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Mother Teresa's Life - A Challenge To Us All


Gregory J. Rummo

OCTOBER 8, 2002

CNN RECENTLY FEATURED a program about the life of Mother Teresa. She is apparently one step closer to beatification and ultimate sainthood; the result of a
miracle she supposedly performed from the grave a year after her death.

The story goes something like this: An Indian woman was diagnosed with a tumor in her stomach the size of a 7-month old fetus. The doctors could not operate because the woman was too weak to tolerate surgery. So on September 5, 1998, she checked into the sisters of charity mission in Calcutta. The nuns took her to a church to see if she could be healed.

It was in the church that the woman saw a photograph of Mother Teresa. She claims that she saw a light emanating from it. When the woman awoke at 1:00 A.M., the tumor was gone.

Doctors insist she had been accurately diagnosed beforehand. After the tumor mysteriously disappeared she was again examined and no signs of surgery were evident.

The doctor who performed the post-miracle exam has been practicing medicine for 26 years. “It was one of the most wonderful experiences I have ever had,” he said.

It may have been a “wonderful experience” but pardon me if I am a tad sceptical.

A woman with a protruding stomach seeking sanctuary in a church who “miraculously” re-appears “healed” a day later with no signs of surgery can only mean one thing—a child has been born. And even I didn’t need the doctor’s hint that the tumor was the size of a “7-month old fetus.”

Mother Teresa’s life was an extraordinary example to us all. Her legacy remains a challenge to all Christians today. She was not afraid to get down in the gutter with what most people would regard as the untouchables of society.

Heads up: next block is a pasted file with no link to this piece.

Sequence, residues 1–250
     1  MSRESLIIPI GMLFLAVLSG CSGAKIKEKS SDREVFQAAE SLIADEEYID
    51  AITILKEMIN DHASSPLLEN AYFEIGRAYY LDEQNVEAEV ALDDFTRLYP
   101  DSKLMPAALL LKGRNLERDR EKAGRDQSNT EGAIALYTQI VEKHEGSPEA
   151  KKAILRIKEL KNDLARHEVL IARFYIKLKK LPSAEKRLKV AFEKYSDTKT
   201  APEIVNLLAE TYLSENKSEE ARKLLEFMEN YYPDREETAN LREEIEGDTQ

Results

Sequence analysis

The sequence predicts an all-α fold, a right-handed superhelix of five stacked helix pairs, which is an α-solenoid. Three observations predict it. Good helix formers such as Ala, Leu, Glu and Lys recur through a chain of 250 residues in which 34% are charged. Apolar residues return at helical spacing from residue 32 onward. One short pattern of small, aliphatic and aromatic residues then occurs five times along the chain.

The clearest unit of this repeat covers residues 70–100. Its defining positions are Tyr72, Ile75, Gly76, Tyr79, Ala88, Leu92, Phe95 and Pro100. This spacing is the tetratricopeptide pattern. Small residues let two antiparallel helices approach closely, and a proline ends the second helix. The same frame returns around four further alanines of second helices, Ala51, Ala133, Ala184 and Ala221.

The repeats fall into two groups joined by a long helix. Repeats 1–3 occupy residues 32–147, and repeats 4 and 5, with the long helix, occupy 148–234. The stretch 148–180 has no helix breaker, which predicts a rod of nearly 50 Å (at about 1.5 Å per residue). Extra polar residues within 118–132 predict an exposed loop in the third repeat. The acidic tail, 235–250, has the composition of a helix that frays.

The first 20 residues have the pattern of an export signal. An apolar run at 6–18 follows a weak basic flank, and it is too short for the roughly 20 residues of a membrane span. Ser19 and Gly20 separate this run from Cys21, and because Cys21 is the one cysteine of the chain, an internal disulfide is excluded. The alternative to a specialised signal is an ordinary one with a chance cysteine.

While no one is capable of judging a person’s heart, by all outward appearances, she lived a life that could be characterized as saintly. We don’t need some sleight of hand “miracle” to assure us of this.

She won the Nobel Peace prize in 1979, then unselfishly stated: “I choose the poverty of our poor people. But I am grateful to receive (the Nobel) in the name of the hungry, the naked, the homeless, of the crippled, of the blind, of the lepers, of all those people who feel unwanted, unloved, uncared-for throughout society, people that have become a burden to the society and are shunned by everyone.”

She was outspoken in her defense of children and the unborn.

“The greatest destroyer of peace today is abortion because it is a war against the child—a direct killing of the innocent child—murder by the mother herself. And if we accept that a mother can kill even her own child, how can we tell other people not to kill one another? How do we persuade a woman not to have an abortion? As always, we must persuade her with love, and we remind ourselves that love means to be willing to give until it hurts. Jesus gave even his life to love us.”

And she didn’t just talk the talk.

She followed through with action. “Please don't kill the child,” she said. “I want the child. Please give me the child. I am willing to accept any child who would be aborted, and to give that child to a married couple who will love the child, and be  loved by the child. From our children's home in Calcutta alone, we have saved over 3,000 children from abortions.”

James, the half-brother of Jesus Christ authored the New Testament epistle that bears his name. He wrote, “Pure and undefiled religion before God and the Father is this: to visit orphans and widows in their trouble, and to keep oneself unspotted from the world.”

CNN reporter Jonathan Mann, who hosted the program about Mother Teresa, commented that calling someone a saint “is not an everyday expression.”

The apostle Paul would disagree. He clearly identified all true, living believers in Jesus Christ as saints in many of his letters that now comprise a major portion of the New Testament.

Yet in light of Mother Teresa’s example, if I am honest with myself, I have to wonder how my Christian life measures up. How many people think of me as “Saint Gregory?”

Gregory J. Rummo is a syndicated columnist and author of “The View from
the Grass Roots,” published in July, 2002 by American-Book. You may order an
autographed copy directly from the author or from

You may e-mail the author at

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